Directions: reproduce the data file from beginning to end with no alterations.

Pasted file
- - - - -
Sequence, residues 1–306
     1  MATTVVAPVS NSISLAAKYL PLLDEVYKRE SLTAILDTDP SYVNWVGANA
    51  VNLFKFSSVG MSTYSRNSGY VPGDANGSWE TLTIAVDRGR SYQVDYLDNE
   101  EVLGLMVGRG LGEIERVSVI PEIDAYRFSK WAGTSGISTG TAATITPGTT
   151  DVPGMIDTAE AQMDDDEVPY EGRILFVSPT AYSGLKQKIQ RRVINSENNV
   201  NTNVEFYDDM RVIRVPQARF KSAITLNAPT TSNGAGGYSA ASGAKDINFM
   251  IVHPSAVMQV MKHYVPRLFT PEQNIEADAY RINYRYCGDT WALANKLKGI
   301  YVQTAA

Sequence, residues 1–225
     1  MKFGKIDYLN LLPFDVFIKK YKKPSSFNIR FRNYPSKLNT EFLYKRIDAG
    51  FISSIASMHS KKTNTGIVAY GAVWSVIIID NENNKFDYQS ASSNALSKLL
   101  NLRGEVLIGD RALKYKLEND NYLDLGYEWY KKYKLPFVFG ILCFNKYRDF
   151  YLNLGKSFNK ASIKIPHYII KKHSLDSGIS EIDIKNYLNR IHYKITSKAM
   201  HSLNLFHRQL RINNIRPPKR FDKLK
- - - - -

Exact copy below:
Sequence, residues 1–306
     1  MATTVVAPVS NSISLAAKYL PLLDEVYKRE SLTAILDTDP SYVNWVGANA
    51  VNLFKFSSVG MSTYSRNSGY VPGDANGSWE TLTIAVDRGR SYQVDYLDNE
   101  EVLGLMVGRG LGEIERVSVI PEIDAYRFSK WAGTSGISTG TAATITPGTT
   151  DVPGMIDTAE AQMDDDEVPY EGRILFVSPT AYSGLKQKIQ RRVINSENNV
   201  NTNVEFYDDM RVIRVPQARF KSAITLNAPT TSNGAGGYSA ASGAKDINFM
   251  IVHPSAVMQV MKHYVPRLFT PEQNIEADAY RINYRYCGDT WALANKLKGI
   301  YVQTAA

Sequence, residues 1–225
     1  MKFGKIDYLN LLPFDVFIKK YKKPSSFNIR FRNYPSKLNT EFLYKRIDAG
    51  FISSIASMHS KKTNTGIVAY GAVWSVIIID NENNKFDYQS ASSNALSKLL
   101  NLRGEVLIGD RALKYKLEND NYLDLGYEWY KKYKLPFVFG ILCFNKYRDF
   151  YLNLGKSFNK ASIKIPHYII KKHSLDSGIS EIDIKNYLNR IHYKITSKAM
   201  HSLNLFHRQL RINNIRPPKR FDKLK